A word from our Superintendents

 

 

 

 

 

 “A teacher effects eternity, he can never tell where his influence stops”

Quote by unknown

 

I regularly pause and reflect on the profession or rather the calling of a teacher.

Years of experience has brought the realization that this profession entails so much more than imparting knowledge, skills, morals and values. Teachers are blessed with the task of forming society. We lay the foundation upon which all other professions must build. What an awesome and precious responsibility we have as educators.

As an educator, I believe that all children can learn and reach their highest potential. I believe that all children were born with a God given talent that must be nurtured and developed along the way. Teachers play a crucial role in this development. We are to strive each day a new to get the best out of each child entrusted in our care.

I strongly believe in striving for excellence. Persons I’ve worked with would say: “What else does she expect?” My response has always been:  We can always improve, there is always room for improvement.” Each one of us is a work in progress, as God continues to shape and mold us. We must continue to be open to this process of growth and development. How else will we reach our highest potential?

As we focus this year on implementing the Principles of Pedagogical Tact, Teambuilding, Staff Development and Quality Assurance, we make a commitment with one another to strive for excellence. Let us treat others as we ourselves would like to be treated. Let us believe in the goodness of others, letting our actions and interactions be driven by this belief.

We are to look each day afresh in the eyes of the other and make a special connection. As we teach, we learn, and as we learn we continue to grow. Let us grow with one another building bridges sustained by the love of our Heavenly Father.

A school year of blessings to all as we do what is right in the eyes of another.

Jacqueline Greene-Eleonora

Innovation coordinator/Superintendent

English Catholic Schools

  

 

 

 

 

 

Mrs. Ria Uiterloo

Innovation coodinator/Superintendent

Dutch Catholic Schools

 

 

"When children are motivated and feel good about themselves they will learn, explore, look for knowledge and enjoy learning."

Throughout my years of teaching and being involved in activities that involves children, youngsters and adolescents, just like 13 year old Logan LaPlante in his Ted Talk (http://www.youtube.com/watch?v=h11u3vtcpaY), I realized that every child wants to be happy when they grow up. Logan envisioned a school, besides academics, with a strong emphasis on eight key areas:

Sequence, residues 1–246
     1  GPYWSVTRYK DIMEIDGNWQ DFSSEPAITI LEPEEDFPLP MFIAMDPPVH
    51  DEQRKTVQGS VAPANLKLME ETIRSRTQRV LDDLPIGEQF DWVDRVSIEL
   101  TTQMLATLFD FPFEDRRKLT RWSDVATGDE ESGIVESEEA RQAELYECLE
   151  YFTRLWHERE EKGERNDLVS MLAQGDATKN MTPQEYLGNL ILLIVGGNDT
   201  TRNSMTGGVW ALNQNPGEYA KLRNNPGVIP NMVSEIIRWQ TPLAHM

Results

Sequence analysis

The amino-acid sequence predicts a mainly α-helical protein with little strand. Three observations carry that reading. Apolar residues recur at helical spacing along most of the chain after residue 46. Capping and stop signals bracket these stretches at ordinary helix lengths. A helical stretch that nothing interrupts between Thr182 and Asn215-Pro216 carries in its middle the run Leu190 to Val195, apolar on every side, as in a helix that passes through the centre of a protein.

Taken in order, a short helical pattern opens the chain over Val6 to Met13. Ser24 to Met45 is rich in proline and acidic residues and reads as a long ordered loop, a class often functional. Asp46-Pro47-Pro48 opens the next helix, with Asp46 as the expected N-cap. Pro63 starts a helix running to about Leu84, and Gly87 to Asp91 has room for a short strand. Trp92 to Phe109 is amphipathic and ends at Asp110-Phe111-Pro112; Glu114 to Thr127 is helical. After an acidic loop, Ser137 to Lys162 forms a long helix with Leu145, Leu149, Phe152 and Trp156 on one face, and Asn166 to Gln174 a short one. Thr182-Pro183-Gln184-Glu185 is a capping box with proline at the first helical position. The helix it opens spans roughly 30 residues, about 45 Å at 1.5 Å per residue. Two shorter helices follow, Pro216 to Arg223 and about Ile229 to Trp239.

•Exercise

•Nutrition

•Relationships

•Stress management

•Spirituality

•Recreation

•Charity

•Time spent in nature

 

Logan is home schooled, but his dream is attainable. We can create schools for him and all the children who deserve a place where they feel connected, safe and happy through the eight key areas Logan described.

I was very lucky to meet Mr. Toshiro Kanamori two years ago, a former teacher who thaught his former students not only how to be students, but how to live. He gave them lessons on teamwork, community, the importance of openness, how to cope, and the harm caused by bullying.

I was inspired by his award-winning documentary Children Full of Life (http://www.youtube.com/watch?v=pizQ0mkAjVc) a fourth-grade class in a primary school in Kanazawa, northwest of Tokyo that learns lessons about compassion from him.

In the documentary he instructs each child to write their true inner feelings in a letter, and read it aloud in front of the class. By sharing their lives, the children begin to realize the importance of caring for their classmates.

What an amazing example to teach children how to connect with self, with others, things and society in a whole.

A healthy mind and spirit will connect and promote charity, thus happiness.

 

It is through these inspirations and experiences I work with my colleagues at the Catholic School Board, School Managers and teams in all our schools to create just an environment where children are motivated, love to learn and explore independently. 

I want children to develop through insights, concepts, through relationships. To be able to function in a society they will need those skills to have an overview and feeling for their surrounding (boundaries, overview, notion of, feelings, empathy); they need skills (language, math, Science etc.); the focus should also be on personal skills as cooperation, working together, communication.

Our schools should reflect such an environment where this can happen. That is the vision and mission of the Catholic School board.